• Reply 99 of 132
    entropysentropys Posts: 3,193member
    Unfortunately I suspect far too many kiddies these days would be just fine with that, SpamSandwich. Can't have the little red hen eating it all by herself.
  • Reply 100 of 132
    cnocbuicnocbui Posts: 3,613member
    entropys said:
    Apple had AU$ 6 Billion in revenue in Australia in 2014 yet paid only 80.3 M in taxes there.  That's a tax rate of 1.3%.  Cook revealed the secret deal with Ireland was for a tax rate of 2%, so Apple is only paying 3.3% on it's Australian profits, unless the Irish tax is less taxes paid in Australia which would mean it's only paying 2% in total.  And before someone tries to claim Apple pay VAT - no they don't.  Consumers pay VAT, retailers just collect it and forward it to the government.

    One of the depressing aspects of the shallowness of the corporate tax debate in Australia is the deliberate (and deceitful) conflation of revenue, or turnover, with profit. You should avoid taking at face value anything a politician tells you, on any matter let alone tax matters. 

    Apple Australia builds nothing in Australia. Apple Australia is little more than a shopfront that imports its products at a price it pays to Apple in Ireland. Then there is the local operating expenses. The gross margin is pretty small. Tax is paid on that bit. 

    So why does the Irish Apple exist? Because it doesn't seek to ream the corporates, preferring the investment and wealth generated by having the corporates set up shop in Ireland.  Without that low tax structure, corporate investment and the jobs it creates in Ireland would probably be as lame as it is in Australia. Ireland ensures its tax arrangements are good to attract business.  

    As for the U.S. if did not insist on taxing foreign earnings like just about every other country, and had a competitive corporate tax rate this Irish problem would not exist. Why not beat Ireland's tax arrangements? At the moment the money isn't coming back anyway.  Instead of bitching about that, make it desirable to do so and see that wealth put to good use in your country. The only reason Not to do that I can see is that politicians believe they can determine what that good use is better than U.S. Apple shareholders.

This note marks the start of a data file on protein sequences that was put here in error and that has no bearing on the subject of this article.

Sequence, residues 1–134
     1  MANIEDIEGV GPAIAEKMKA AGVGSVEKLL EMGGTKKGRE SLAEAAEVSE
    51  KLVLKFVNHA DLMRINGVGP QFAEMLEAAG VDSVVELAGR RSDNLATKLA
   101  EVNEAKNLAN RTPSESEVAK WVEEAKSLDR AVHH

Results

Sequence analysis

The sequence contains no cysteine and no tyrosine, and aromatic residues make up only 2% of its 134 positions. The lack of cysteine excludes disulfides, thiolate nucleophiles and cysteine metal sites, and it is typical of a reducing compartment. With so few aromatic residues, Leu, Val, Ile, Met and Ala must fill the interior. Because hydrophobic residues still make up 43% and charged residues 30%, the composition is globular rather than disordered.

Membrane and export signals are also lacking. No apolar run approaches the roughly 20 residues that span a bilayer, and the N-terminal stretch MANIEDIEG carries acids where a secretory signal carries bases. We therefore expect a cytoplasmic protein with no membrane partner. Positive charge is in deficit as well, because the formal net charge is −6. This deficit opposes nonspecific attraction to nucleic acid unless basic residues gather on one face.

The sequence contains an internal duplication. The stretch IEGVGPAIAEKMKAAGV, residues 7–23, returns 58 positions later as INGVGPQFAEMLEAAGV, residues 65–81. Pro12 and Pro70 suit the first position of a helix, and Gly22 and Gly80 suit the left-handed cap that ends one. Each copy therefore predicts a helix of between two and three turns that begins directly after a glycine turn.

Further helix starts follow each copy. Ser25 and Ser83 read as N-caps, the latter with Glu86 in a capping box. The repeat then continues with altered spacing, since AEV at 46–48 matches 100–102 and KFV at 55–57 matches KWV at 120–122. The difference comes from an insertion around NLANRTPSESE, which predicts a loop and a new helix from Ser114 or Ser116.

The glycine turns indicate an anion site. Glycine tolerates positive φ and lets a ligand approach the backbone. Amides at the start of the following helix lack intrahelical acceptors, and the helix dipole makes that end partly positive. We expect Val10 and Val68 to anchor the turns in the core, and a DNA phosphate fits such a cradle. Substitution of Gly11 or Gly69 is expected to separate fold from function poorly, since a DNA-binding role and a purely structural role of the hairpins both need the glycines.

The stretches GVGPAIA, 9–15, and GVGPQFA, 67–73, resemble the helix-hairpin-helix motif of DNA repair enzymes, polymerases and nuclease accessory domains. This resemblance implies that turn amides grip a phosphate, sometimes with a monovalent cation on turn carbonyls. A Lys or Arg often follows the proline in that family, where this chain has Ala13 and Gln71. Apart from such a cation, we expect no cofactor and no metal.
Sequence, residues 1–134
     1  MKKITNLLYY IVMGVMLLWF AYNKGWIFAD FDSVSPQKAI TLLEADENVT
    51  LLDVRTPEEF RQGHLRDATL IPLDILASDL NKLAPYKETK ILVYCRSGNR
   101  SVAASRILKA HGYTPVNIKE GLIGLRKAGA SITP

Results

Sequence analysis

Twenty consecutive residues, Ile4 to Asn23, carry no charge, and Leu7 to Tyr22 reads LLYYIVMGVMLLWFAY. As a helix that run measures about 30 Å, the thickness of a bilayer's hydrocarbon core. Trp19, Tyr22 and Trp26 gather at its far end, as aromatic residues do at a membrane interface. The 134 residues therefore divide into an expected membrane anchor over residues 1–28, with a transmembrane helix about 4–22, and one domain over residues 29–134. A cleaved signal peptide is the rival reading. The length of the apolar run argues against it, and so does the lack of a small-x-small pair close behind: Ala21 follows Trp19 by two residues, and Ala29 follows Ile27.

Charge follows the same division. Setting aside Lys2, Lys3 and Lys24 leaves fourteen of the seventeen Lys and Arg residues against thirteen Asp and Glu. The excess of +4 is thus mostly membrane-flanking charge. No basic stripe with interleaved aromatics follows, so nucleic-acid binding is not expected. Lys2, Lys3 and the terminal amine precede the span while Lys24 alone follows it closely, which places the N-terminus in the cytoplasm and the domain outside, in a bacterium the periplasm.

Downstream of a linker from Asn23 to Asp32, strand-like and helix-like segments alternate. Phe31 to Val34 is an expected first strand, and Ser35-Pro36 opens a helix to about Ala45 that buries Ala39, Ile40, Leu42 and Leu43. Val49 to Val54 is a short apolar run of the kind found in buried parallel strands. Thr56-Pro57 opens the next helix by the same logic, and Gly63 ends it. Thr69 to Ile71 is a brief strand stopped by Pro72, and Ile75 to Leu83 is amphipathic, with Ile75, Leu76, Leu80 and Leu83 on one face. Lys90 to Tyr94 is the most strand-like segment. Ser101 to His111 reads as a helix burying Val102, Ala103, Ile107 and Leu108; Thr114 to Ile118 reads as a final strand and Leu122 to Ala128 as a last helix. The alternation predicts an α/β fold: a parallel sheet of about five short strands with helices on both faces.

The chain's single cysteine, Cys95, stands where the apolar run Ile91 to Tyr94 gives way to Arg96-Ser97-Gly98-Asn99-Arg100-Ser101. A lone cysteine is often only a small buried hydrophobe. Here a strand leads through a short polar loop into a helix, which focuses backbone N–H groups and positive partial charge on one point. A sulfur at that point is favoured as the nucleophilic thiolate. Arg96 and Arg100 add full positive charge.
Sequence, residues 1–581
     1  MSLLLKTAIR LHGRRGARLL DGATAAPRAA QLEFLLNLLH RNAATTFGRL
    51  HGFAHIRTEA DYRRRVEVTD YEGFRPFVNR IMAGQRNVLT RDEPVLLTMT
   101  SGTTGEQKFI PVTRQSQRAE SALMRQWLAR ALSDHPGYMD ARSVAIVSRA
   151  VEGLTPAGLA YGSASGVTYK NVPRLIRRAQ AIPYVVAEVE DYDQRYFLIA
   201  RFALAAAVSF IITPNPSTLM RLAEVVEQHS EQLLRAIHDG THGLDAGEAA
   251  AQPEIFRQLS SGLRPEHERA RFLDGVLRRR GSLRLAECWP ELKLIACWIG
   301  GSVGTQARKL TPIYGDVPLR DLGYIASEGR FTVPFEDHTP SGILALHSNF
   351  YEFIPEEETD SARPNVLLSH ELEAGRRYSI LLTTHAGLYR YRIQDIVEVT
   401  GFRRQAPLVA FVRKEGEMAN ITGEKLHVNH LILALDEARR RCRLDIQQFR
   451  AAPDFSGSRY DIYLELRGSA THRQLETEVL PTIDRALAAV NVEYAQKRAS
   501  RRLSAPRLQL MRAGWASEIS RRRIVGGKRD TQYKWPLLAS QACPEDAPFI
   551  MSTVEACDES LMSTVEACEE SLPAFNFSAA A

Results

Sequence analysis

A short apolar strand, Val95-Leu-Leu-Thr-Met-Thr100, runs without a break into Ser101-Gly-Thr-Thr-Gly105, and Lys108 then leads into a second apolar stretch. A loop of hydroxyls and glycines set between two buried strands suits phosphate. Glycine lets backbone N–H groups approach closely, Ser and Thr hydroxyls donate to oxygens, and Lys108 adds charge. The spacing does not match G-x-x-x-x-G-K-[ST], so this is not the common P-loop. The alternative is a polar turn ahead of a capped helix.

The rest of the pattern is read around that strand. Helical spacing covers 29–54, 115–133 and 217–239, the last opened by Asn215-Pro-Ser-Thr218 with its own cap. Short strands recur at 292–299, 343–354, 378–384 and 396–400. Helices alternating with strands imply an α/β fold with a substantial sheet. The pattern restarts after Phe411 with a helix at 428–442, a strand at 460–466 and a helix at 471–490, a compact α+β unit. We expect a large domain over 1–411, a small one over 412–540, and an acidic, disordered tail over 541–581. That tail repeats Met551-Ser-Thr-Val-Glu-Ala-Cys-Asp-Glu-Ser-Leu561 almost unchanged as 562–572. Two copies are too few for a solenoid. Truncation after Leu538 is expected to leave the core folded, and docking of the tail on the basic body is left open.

There is nothing shallow about the debate concerning heavily engineered tax minimisation schemes employed by large multi-national corporations.  The OECD recently did a report on it and concluded that individual tax payers were having to make up the shortfall.  Since I fall into that category, I find the topic personally relevant.

    Households forced to plug corporate tax gap, says OECD Report says increasing inability to tax corporate profits means governments are forcing workers and consumers to plug the revenue gap
    http://www.theguardian.com/business/2015/dec/03/civilians-shoulder-greater-tax-burden-companies-oecd

    Any deceit concerning Apple's revenues in Australia would be on Apple's part.

    Apple builds nothing in Australia - true  - and apart from a minuscule activity in Ireland I suspect is just for show - they build and create nothing here  either.  Governments do not engage in 'reaming' corporations:  That's what they they do to payers of income tax to make up for the shortfall in revenue that is largely due to corporate tax avoidance - sorry, I'm supposed to say 'minimisation'.

    I don't think you have been following the story.  There is indeed some prospect of both Ireland and Australia serving Apple with bills for back taxes, so actually the money might be coming back.